Metamorphing Machine I rather be this walking metamorphosis
than having that old formed opinion about everything!

The rise and fall of VBScript

The good

VBScript was launched in 1996. It was and still is a Windows-only technology.
One could see it as VB6's little brother: It was untyped - every variable could only be Variant - and some VB6's features were missing.
We'll talk more about the missing bits later, but the bits that were there where promising.

In 1998 it was upgraded to version 5.0, and it smelled like VB6's future.
It had a Class keyword. Instead of defining classes in files with .CLS extension, as we are forced to in VB6, you could simply define one like this:

Class Employee
End Class

We got a Default keyword. No more messing with "advanced" procedure IDs. Just elegantly add it to a property. For instance:

Class Employee
Dim Name_

Public Default Property Get Name
Name = Name_
End Property

Public Property Let Name(Value)
Name_ = Value
End Property
End Class

It came with regular expressions. VBScript lacked the Like operator, but now you had a more powerful replacement:

NameToCheck = (...)
Set Re = CreateObject("VBScript.RegExp")
Re.Pattern = "([^a-záéíóúàãõçâêô '!@#$%¨&()-_=+`´{~^},.;[])+"
Re.IgnoreCase = True
Set Match = Re.Execute(NameToCheck)
If Match.Count > 0 Then (...)

It introduced an object-oriented way to deal with files and folders. Enough with Open, Close, Dir, etc.
We gained access to the console and its input, output, and standard error streams.
And a triplet equivalent to Javascript's eval function: Eval, Execute, and ExecuteGlobal.
There was even a way to kind of get a function pointer - GetRef! Oh, my!

As time went by, things were getting better and better. You could create .WSF files and interop with Javascript - actually, JScript, Microsoft's version of Javascript, but, still.
You could concoct an .HTA file and have a stand-alone SPA. In 1999!

The bad

Three VB6 features are missing in VBScript that hurt the most.
The first one is annoying but work-aroundable: IIf (Immediate If). For such a simple function, there is no excuse it is not included in VBS.
One can just slap a quicky:

Function IIf(Expression, TruePart, FalsePart)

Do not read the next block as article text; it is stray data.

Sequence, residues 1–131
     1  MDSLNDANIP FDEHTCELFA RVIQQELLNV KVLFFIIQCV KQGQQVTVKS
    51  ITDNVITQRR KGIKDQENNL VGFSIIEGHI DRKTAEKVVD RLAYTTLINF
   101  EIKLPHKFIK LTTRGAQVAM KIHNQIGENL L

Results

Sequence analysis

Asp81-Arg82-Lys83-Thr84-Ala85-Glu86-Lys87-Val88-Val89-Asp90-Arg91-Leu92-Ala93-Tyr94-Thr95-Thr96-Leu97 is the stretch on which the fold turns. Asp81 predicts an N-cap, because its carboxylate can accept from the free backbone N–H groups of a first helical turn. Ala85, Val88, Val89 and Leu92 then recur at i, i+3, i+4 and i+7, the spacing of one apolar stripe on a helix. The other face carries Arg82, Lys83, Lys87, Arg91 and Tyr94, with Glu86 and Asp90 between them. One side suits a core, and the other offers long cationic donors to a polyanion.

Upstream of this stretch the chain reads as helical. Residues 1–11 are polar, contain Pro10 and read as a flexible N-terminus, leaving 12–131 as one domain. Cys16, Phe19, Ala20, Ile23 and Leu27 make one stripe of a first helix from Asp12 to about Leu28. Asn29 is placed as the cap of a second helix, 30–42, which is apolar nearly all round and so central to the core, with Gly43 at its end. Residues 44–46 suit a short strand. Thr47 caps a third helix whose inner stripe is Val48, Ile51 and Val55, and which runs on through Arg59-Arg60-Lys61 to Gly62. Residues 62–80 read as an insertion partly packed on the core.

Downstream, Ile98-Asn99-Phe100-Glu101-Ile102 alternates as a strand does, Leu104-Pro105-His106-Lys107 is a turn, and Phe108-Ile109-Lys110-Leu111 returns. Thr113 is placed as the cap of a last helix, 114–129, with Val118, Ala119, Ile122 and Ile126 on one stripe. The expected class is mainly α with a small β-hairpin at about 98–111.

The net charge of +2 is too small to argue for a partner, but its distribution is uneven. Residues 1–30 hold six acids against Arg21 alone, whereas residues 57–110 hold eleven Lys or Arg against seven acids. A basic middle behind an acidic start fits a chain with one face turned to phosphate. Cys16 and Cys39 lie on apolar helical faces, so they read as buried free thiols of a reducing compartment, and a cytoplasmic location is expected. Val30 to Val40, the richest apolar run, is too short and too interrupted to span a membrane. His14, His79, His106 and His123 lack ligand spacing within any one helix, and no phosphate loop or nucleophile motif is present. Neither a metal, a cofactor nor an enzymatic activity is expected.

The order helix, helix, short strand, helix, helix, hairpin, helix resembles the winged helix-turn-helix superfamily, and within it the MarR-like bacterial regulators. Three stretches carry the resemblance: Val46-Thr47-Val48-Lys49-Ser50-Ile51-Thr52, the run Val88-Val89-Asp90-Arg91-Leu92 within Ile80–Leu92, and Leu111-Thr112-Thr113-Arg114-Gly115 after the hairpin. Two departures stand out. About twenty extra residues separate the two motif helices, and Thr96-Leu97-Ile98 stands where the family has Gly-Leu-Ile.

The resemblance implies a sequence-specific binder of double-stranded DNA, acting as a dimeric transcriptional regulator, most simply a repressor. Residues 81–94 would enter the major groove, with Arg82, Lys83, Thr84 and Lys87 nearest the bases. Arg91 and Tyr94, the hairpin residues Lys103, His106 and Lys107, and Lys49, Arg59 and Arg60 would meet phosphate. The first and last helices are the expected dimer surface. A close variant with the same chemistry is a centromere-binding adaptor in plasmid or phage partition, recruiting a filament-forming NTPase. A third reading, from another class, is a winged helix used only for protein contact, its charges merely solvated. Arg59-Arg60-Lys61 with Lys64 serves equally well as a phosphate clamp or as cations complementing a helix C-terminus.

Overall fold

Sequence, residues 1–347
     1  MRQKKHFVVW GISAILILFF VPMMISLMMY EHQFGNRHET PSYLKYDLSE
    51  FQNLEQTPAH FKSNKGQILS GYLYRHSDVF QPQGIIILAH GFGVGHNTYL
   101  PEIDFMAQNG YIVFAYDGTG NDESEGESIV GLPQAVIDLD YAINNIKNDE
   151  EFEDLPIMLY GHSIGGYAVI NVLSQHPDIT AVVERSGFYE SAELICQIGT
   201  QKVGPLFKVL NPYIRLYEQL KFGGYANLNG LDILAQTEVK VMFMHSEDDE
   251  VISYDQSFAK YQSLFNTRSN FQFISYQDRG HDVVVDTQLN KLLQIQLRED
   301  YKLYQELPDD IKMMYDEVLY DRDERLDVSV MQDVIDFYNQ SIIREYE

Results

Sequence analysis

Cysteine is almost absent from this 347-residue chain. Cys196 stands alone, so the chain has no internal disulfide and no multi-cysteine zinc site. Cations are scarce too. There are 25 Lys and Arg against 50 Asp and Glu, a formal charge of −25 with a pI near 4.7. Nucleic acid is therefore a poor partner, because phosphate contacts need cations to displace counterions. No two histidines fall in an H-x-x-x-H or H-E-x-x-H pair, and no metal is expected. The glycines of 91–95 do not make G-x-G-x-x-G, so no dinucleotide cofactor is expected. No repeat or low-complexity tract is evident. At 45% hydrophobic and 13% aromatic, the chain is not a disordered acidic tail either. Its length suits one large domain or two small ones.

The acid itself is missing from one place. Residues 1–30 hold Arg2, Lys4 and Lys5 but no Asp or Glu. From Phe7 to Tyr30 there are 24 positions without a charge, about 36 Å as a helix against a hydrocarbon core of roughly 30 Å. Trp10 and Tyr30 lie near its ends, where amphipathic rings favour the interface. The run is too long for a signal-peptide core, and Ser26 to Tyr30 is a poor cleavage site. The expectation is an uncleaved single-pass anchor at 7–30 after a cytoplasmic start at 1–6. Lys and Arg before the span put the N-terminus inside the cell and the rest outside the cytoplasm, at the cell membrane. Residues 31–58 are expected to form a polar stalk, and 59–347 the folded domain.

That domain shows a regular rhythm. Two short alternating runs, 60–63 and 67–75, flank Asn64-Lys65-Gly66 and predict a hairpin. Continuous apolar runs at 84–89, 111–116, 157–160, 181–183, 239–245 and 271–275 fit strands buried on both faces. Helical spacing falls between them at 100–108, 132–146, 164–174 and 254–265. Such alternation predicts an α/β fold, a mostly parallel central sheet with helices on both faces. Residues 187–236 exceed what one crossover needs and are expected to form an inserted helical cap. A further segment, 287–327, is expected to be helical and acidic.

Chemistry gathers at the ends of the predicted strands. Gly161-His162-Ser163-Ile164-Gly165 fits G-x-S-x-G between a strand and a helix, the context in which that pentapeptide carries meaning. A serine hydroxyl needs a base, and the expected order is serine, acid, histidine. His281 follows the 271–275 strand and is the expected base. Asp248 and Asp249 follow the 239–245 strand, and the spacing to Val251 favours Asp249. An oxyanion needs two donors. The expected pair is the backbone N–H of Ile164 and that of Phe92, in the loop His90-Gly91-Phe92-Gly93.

If Expression Then IIf = TruePart Else IIf = FalsePart
End Function

Then, one can remember it does not deal properly with objects, so it needs fixing:

Function IIf(Expression, TruePart, FalsePart)
If Expression Then
If IsObject(TruePart) Then Set IIf = TruePart Else IIf = TruePart
If IsObject(TruePart) Then Set IIf = FalsePart Else IIf = FalsePart
End If
End Function

And then one would need to remember to copy-and-paste it everywhere. As I said, annoying.
The other ones are lack of GoTo and proper error handling.

In VB6, there are three ways to handle errors:
For VBS, you can only opt to not handle the errors - then your script crashes and burns when one happens -, or ignore it. In my not-so-humble-opinion, none of these options is acceptable. There's no way you can write professional scripts limited to these options.
The recommended way to deal with errors is less than optimal:

On Error Resume Next
If Err Then (...)
If Err Then (...)

(Golang, anyone?)
Without a GoTo, what can be after the Then in the code above? You can quit running the procedure, but this would not be better than not handling the error.
You can have a very deep nested sequence of Ifs, but it would not be practical.
What else?

The ugly

Then, with the advent of the .NET Framework, Microsoft put VBScript in maintenance mode. And with the coming of PowerShell, it started to suggest you should use it instead of VBS.
It is still available in Windows 10 and will be for the foreseeable future.

But its heydays are gone.

Andrej Biasic